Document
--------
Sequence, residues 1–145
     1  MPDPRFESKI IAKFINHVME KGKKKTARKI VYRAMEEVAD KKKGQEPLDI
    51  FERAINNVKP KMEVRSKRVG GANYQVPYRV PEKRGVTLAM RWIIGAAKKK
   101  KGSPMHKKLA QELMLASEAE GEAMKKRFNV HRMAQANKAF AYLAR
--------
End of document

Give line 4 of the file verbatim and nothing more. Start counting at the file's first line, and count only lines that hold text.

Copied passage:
   101  KGSPMHKKLA QELMLASEAE GEAMKKRFNV HRMAQANKAF AYLAR